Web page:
I have provided you with science Lawrence, but you choose to ignore it when it contradicts your beliefs. From the Mirriam-Webster Dictionary:

    “dog·ma noun \ˈdȯg-mə, ˈdäg-\
    1 a : something held as an established opinion; especially : a definite authoritative tenet
    b : a code of such tenets
    c : a point of view or tenet put forth as authoritative without adequate grounds”

    When confronted with proof that your beliefs are not grounded in fact, and you choose to ignore the facts, you enter the realm of “dogma” as described in 1c. Now that we have established that you are “dogmatic” about vaccines, we can dismiss your comments as claims of being “authoritative without adequate grounds” since the grounds you claim can be easily refuted and dismissed by the rational mind.

    Like

  66. Robert
    June 18, 2013 at 7:13 pm

    dingo199 :
    Robert, I believe you misunderstand what Cochrane concluded. Their studies looked at “influenza like illness”, and not purely laboratory confirmed influenza. That they find that influenza vaccine doesn’t really affect the incidence of “influenza like illness” is hardly a startling revelation.
    As they themselves put it: “Over 200 viruses cause influenza and influenza-like illness which produce the same symptoms”
    I’ll rephrase that for them, and for you:
    “3 species of influenza virus cause influenza, and around 200 other viruses (which influenza vaccination will obviously have no impact on) cause similar symptoms commonly misattributed to the influenza viruses.”

    Instead of cherry picking my friend, lets look at the caveat that the study mentions:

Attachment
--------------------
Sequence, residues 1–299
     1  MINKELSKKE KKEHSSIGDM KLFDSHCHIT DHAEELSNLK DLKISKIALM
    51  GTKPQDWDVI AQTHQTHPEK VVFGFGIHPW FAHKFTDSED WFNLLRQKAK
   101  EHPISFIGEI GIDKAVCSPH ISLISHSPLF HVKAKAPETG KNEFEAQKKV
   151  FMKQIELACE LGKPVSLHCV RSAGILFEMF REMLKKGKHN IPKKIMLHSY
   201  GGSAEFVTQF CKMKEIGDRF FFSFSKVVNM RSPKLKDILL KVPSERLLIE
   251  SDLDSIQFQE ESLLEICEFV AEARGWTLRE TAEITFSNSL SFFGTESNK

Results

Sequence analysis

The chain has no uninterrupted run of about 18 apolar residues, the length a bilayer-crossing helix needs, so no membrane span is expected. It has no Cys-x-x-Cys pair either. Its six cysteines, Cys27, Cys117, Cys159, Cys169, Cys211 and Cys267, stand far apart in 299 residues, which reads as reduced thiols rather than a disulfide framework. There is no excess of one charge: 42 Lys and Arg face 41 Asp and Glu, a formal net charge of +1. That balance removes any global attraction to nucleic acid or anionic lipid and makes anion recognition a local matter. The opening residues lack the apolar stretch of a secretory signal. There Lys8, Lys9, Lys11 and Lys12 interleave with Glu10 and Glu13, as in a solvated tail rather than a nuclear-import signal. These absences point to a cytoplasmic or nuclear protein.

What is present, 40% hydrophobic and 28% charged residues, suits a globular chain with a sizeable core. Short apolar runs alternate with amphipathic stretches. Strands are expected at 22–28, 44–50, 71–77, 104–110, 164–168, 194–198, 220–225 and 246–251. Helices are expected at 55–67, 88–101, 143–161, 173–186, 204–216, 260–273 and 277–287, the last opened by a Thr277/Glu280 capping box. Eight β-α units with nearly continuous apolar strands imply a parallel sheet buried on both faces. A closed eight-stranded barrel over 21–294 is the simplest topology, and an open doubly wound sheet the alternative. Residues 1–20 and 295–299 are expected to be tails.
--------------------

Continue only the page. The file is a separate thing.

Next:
“WARNING:
    This review includes 15 out of 36 trials funded by industry (four had no funding declaration). An earlier systematic review of 274 influenza vaccine studies published up to 2007 found industry funded studies were published in more prestigious journals and cited more than other studies independently from methodological quality and size. Studies funded from public sources were significantly less likely to report conclusions favorable to the vaccines. The review showed that reliable evidence on influenza vaccines is thin but there is evidence of widespread manipulation of conclusions and spurious notoriety of the studies. The content and conclusions of this review should be interpreted in light of this finding.”

    http://summaries.cochrane.org/CD001269/vaccines-to-prevent-influenza-in-healthy-adults#sthash.rYdQkpIi.dpuf

    Or would you prefer to not mention that the review found the positive conclusion to be manipulated and spurious? See my previous comment to Lawrence about dogmatic thought.

    Like

  67. Lawrence
    June 18, 2013 at 7:14 pm

    @robert – I would love for you to show where Peter / Joe provided any evidence to back up his assertions, because I’m not seeing any.

    Like

  68. Robert
    June 18, 2013 at 7:17 pm

    Lawrence :
    @robert – I would love for you to show where Peter / Joe provided any evidence to back up his assertions, because I’m not seeing any.